The New York State Bar Association has approved two groundbreaking reports with recommendations that, if adopted by the Legislature, “will help protect consumers who use online legal documents and will simplify, modernize and update New York’s trust law,” announced Association President Sharon Stern Gerstman of Buffalo (Magavern, Magavern and Grimm LLP).
Regulation of online legal forms
The State Bar approved a report at its Nov. 4 meeting in Albany by the New York County Lawyers Association (NYCLA) that seeks to regulate online legal documents, an industry that generates approximately $5 billion per year and is often used by those who cannot afford – or do not wish to seek – traditional legal access to justice methods.
NYCLA’s report is the first time that regulation of online legal providers has been proposed in New York, recommending that a set of regulatory standards for protection of the public be adopted and, in the absence of such standards, proposes the voluntary practices as an interim measure.
Because online providers of forms are often neither lawyers nor law firms, the attorney-client privilege does not apply and this is not always adequately conveyed to consumers.
“We want to turn toward the problem, we don’t want to back away from it,” said Sarah Jo Hamilton of Scarsdale (Scalise Hamilton & Sheridan LLP), who presented the report with Ronald C. Minkoff of New York City (Frankfurt Kurnit Klein + Selz PC). “It is an ongoing entity and business and we should get on board to make sure the public is protected.”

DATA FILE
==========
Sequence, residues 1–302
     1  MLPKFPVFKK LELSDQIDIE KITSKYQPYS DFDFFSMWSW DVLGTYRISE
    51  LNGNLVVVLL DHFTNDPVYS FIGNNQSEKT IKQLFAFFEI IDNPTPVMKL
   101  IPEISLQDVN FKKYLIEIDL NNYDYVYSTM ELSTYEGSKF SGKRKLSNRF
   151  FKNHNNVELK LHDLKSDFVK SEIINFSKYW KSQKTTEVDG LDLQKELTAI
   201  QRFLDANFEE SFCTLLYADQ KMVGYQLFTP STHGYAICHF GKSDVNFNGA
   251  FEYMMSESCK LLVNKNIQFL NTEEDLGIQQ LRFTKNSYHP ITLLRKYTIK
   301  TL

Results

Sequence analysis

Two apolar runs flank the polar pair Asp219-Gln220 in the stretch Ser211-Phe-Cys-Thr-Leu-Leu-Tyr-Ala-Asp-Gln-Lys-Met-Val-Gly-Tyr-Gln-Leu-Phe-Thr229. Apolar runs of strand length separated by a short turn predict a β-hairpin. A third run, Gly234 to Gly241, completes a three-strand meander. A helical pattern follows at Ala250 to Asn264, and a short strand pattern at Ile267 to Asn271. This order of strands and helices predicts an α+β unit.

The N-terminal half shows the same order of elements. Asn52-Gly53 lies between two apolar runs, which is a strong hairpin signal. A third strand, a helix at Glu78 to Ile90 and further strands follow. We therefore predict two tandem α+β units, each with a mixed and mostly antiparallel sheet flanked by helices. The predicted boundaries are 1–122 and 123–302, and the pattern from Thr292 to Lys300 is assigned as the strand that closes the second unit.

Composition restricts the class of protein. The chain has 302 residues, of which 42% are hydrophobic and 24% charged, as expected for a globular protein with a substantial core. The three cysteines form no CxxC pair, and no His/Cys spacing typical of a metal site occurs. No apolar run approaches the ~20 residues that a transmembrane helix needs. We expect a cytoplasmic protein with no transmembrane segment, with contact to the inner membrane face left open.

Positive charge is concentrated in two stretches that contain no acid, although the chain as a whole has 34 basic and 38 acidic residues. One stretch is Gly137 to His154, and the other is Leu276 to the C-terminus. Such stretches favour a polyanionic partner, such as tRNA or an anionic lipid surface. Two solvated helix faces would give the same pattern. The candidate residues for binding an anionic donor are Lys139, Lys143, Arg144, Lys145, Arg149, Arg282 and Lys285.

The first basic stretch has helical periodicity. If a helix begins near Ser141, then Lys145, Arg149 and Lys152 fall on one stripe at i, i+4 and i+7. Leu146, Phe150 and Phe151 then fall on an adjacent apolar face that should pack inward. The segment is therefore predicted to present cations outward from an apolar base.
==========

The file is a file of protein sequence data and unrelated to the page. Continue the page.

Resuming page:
New York Trust Code
The State Bar also approved a report by its Trusts and Estates Law Section recommending enactment of a new New York Trust Code for trusts. New York trust law has not been comprehensively reviewed since 1966, and in the past 50 years, trust practices have dramatically changed.
The report recommends adding new article 7-A to the Estates, Powers and Trust Law that would enable changed practices and case law to be codified, making it simpler for lawyers practicing in the trusts and estates field, which will redound to the benefit of the public.
“Fundamentally, the proposed New York Trust Code law codifies current New York case law relating to gratuitous trusts, and the case law today is voluminous,” said Sharon L. Wick of Buffalo (Phillips Lytle LLP), chair of the section, who, along with Professor Ira Mark Bloom of Albany (Albany Law School), presented the report to the House of Delegates.
“The proposal also improves upon existing statutory law, which results in a more modern law for New York, making it more competitive in the trust business. By codifying the case law in one comprehensive statute, we are also bringing efficiencies to practitioners and the courts, which will ultimately better serve our clients.”
Link to Trusts and Estates Law Section report and NYCLA report, as well as Commercial and Federation Litigation Section’s report (press release here) entitled “If Not Now, When? Achieving Equality for Women Attorneys in the Courtroom and in ADR” can be found at: https://www.nysba.org/CustomTemplates/SecondaryStandard.aspx?id=77143
About the New York State Bar Association
Since 1876, the New York State Bar Association has helped shape the development of law, educated and informed the legal profession and the public, and championed the rights of New Yorkers through advocacy and guidance in our communities.
Contact: Christina Couto
Editor, State Bar News